New book: Did Jesus Exist? The answer: Yes he did

Bart Ehrmann is a very well-known New Testament scholar, and an atheist. But even though many atheists deny that Jesus is a historical figure, Ehrman is not one of them. He recently wrote a book Did Jesus Exist? The Historical Argument for Jesus of Nazareth, that will be released tomorrow (March 20, 2012). Ehrman answers the question in his book affirmatively: yes, Jesus did exist. He may not have been the person as depicted in the gospels, but there is hardly any doubt that he was a historical figure. Although I doubt whether Ehrman’s ideas will pose a challenge to Christian theology (the quest for the historical Jesus is hardly an issue in theology anymore), I am interested in the way he makes his case.

See the trailer for his upcoming book here:

For Europeans: get your copy (no shipping costs) HERE.

9 thoughts on “New book: Did Jesus Exist? The answer: Yes he did

  1. It promise to be a really bad book.

    Ehrman simply can’t address why Paul can write about the Romans as God’s agents, sent to punish wrongdoers and who hold no terror for the innocent.

    After they killed the Son of God.

    Nor can Ehrman address why Paul claimed Jews had never heard of Jesus until Christians were sent to preach about him.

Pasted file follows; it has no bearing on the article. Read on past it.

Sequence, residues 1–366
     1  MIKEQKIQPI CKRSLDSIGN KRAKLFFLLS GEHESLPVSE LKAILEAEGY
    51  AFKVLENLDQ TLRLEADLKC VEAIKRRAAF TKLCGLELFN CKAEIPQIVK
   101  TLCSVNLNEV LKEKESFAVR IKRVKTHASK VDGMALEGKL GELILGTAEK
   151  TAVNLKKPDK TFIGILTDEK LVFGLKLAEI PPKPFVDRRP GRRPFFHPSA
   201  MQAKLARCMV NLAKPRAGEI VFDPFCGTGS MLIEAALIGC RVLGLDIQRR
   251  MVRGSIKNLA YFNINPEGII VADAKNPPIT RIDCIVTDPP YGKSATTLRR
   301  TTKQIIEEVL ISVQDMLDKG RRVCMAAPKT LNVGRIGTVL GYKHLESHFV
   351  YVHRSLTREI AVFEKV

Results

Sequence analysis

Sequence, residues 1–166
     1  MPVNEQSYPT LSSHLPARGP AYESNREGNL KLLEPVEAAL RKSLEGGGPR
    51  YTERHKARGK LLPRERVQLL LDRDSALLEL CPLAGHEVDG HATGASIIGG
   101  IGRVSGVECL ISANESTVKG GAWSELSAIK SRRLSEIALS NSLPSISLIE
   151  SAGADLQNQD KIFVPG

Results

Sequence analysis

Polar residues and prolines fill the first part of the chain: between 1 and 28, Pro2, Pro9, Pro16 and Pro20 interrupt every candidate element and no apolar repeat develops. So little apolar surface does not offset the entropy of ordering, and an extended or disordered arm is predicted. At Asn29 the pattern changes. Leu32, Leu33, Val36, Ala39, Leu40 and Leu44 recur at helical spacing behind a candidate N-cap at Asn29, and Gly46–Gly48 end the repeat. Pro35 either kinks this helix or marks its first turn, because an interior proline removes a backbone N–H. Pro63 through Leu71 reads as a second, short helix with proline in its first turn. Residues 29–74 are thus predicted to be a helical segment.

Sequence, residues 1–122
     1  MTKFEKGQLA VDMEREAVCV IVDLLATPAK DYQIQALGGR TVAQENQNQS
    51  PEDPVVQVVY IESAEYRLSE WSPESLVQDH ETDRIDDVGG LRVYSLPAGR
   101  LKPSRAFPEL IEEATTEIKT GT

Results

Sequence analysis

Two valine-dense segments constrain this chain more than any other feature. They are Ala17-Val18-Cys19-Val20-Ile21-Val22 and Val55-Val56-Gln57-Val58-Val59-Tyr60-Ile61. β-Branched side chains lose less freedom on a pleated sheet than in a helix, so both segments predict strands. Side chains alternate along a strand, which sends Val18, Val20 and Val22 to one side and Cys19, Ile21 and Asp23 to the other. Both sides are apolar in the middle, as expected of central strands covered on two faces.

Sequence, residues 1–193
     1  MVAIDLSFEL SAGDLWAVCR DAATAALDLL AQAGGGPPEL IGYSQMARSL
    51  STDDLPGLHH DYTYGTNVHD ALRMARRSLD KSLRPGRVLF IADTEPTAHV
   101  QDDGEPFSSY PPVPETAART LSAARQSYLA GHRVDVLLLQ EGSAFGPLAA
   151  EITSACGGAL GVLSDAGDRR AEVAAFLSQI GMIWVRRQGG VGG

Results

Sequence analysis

Astonishingly, on page 1 of the Introduction, Ehrman alludes to the astonishing beliefs of early Christians, alluding to 1 Corinthians 8:6 and Philippians 2, while later Bart claims such thoughts never developed until 50 or more years after Jesus’s death.

    Bart can also write as though it was obvious that Cephas and Peter were the same person, when he himself wrote peer-reviewed articles questioning this identification.

    Bart, of course, simply hides the existence of his own scholarship from his readers, leaving them to think there is no doubt about such identification.

  2. It is best to wait for the full copy. In the meantime , you can always read Bart’s article explaining why Cephas and Peter may not be the same person.

  3. Steven: Ehrman does not hide his former view about Cephas and Peter. He mentions it in a footnote in this book and says he was convinced by his critics that he was wrong.

  4. That was good of Bart to do that. I must apologise.

    Still, the fact remains that this identification is questionable. He himself questioned it. I happen to think his critics were wrong, and his original objections had weight, even if the case is not entirely certain.

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